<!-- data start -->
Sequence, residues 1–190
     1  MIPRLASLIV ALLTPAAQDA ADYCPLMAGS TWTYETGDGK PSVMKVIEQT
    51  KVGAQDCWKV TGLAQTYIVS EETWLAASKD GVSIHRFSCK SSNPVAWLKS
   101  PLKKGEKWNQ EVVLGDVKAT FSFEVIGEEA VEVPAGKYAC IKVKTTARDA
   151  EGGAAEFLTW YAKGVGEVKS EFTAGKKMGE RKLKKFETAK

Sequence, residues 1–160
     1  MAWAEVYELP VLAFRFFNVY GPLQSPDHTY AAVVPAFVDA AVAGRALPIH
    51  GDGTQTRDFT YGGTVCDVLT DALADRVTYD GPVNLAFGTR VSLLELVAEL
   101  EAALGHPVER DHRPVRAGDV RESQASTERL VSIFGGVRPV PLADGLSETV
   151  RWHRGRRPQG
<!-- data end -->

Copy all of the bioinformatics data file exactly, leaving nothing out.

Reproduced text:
Sequence, residues 1–190
     1  MIPRLASLIV ALLTPAAQDA ADYCPLMAGS TWTYETGDGK PSVMKVIEQT
    51  KVGAQDCWKV TGLAQTYIVS EETWLAASKD GVSIHRFSCK SSNPVAWLKS
   101  PLKKGEKWNQ EVVLGDVKAT FSFEVIGEEA VEVPAGKYAC IKVKTTARDA
   151  EGGAAEFLTW YAKGVGEVKS EFTAGKKMGE RKLKKFETAK

Sequence, residues 1–160
     1  MAWAEVYELP VLAFRFFNVY GPLQSPDHTY AAVVPAFVDA AVAGRALPIH
    51  GDGTQTRDFT YGGTVCDVLT DALADRVTYD GPVNLAFGTR VSLLELVAEL
   101  EAALGHPVER DHRPVRAGDV RESQASTERL VSIFGGVRPV PLADGLSETV
   151  RWHRGRRPQG